Wed | Mar 15, 2023 | 5:17 AM PDT

Alright, how many of you saw a cryptocurrency ad on TV in 2022? Oh, yeah, everyone did. How many of you acted on those ads and actually purchased crypto? Probably some of you. Now the important question: how many of you got scammed in some sort of way by cryptocurrency or another type of investment?

According to the U.S. Federal Bureau of Investigations (FBI), the answer is a lot of people did.

The FBI's Internet Crime Complaint Center (IC3) has released its 2022 Internet Crime Report, which reveals the trends and impacts of cybercrime in the United States. The report is based on 800,944 complaints of suspected internet crime reported to the FBI last year, with losses exceeding $10.3 billion.

The report shows that phishing schemes were the most common type of cybercrime reported by victims in 2022, with 300,497 complaints. 

However, phishing schemes were not the most costly type of cybercrime in terms of financial losses. That dubious honor goes to investment schemes, which surpassed business email compromise (BEC) as the top source of monetary damage for victims in 2022. 

Investment schemes involve promising high returns or profits from various types of investments, such as stocks, bonds, cryptocurrencies, commodities, etc., but either deliver nothing or steal the invested funds.

According to the report, investment schemes accounted for over $3.3 billion in losses for victims in 2022, compared to $2.7 billion for BEC attacks. Investment schemes also increased significantly from 2021, when they caused $1.9 billion in losses.

For context, BEC attacks had been at the top each of the previous four years. Business email compromise involves impersonating a business partner, vendor, employee, or executive of a company and requesting fraudulent wire transfers or payments. 

The chart below shows how investment schemes have climbed in recent years:

The report highlights some examples of investment schemes that were prevalent in 2022, such as:

  • "Liquidity Mining: victims are enticed to link their cryptocurrency wallet to a fraudulent liquidity mining application. Scammers then wipe out the victims' funds without notification or permission from the victim."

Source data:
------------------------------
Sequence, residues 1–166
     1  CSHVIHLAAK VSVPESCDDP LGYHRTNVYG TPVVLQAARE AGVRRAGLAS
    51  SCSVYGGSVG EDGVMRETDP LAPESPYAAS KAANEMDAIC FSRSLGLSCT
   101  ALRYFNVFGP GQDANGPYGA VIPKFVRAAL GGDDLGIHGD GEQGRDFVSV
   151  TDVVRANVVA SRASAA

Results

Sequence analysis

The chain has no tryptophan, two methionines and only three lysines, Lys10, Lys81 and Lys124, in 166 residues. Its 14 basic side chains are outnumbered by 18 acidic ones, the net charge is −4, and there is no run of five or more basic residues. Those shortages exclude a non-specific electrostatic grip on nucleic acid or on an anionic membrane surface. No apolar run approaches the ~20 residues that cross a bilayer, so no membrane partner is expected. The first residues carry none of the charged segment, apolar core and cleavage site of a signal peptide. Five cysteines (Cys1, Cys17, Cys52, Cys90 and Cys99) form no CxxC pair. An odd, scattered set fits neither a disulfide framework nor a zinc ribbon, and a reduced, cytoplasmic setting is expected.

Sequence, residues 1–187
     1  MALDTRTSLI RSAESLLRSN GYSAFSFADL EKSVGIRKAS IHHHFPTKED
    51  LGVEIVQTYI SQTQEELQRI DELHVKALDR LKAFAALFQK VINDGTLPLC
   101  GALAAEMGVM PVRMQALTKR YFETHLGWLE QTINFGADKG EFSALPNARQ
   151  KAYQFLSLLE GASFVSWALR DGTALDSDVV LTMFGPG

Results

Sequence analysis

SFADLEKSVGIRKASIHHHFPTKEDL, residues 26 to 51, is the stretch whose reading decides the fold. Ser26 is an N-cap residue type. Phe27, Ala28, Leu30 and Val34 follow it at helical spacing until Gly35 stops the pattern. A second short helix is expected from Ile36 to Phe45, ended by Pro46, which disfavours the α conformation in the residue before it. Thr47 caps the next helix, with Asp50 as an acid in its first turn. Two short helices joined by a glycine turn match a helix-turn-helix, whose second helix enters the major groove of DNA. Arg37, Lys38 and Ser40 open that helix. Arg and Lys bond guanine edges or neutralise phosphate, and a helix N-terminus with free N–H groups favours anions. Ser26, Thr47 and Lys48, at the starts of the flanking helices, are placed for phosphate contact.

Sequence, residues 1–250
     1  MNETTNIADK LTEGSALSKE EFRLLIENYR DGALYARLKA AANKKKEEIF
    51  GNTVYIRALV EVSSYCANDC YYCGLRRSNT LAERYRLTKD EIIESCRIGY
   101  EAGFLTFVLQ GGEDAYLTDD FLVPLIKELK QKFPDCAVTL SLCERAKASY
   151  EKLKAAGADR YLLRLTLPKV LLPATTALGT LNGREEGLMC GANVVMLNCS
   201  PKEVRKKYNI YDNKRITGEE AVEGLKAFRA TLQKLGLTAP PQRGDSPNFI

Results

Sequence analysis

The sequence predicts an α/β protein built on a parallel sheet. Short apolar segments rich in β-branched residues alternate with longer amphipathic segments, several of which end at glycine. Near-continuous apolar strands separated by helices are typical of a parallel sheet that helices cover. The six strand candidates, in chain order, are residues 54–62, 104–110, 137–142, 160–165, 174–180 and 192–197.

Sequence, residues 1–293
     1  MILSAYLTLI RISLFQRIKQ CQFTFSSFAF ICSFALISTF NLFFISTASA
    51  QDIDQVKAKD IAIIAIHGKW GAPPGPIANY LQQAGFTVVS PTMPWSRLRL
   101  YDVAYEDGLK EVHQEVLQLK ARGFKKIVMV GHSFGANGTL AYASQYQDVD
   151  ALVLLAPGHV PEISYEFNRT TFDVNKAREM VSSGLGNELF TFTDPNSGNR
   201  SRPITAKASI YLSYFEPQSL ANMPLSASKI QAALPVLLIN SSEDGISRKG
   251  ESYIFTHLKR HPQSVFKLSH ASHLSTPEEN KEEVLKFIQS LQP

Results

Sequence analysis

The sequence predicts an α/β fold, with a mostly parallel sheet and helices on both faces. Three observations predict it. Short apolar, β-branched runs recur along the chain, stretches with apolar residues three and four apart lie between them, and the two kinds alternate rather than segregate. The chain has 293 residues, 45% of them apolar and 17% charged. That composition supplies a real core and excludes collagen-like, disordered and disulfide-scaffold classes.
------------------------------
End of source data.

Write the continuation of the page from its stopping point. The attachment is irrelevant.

• "Hacked Social Media: scammers used hacked social media accounts to perpetrate a fraudulent investment opportunity using cryptocurrency, targeting existing friends of the hacked user."
  • "Celebrity Impersonation: impersonating a well-known celebrity or social figure, the scammers feign a friendship with the targeted victim who is eventually enticed to learn how to invest in cryptocurrency or is given the opportunity to invest by the scammer."
  • "Real Estate Professionals: the scammer contacts a real estate agent, usually offering to buy a very expensive property for cash or cryptocurrency. Once engaged, the fraudster will expose their control of fictitious accounts with purported value of millions of dollars to entice them to engage in their investment scheme."
  • "Employment: victims apply for fake positions online at an investment firm or company supposedly affiliated with investing. Instead of a job, the victims are instead offered investment advice. The investment is fraudulent and designed to retrieve as much money from the target as possible." 

The report also provides statistics and information on other types of cybercrime reported by victims in 2022, such as tech support scams, personal data breaches, identity theft, ransomware attacks, elder frauds, and more. The report also offers tips and resources for preventing and reporting cybercrime.

The IC3 is the nation's central hub for reporting cybercrime and is run by the FBI. The IC3 encourages anyone who is a victim or witness of internet crime to file a complaint at The IC3 works with law enforcement agencies at all levels to investigate and prosecute cybercriminals and recover stolen funds when possible.

The full report can be accessed here

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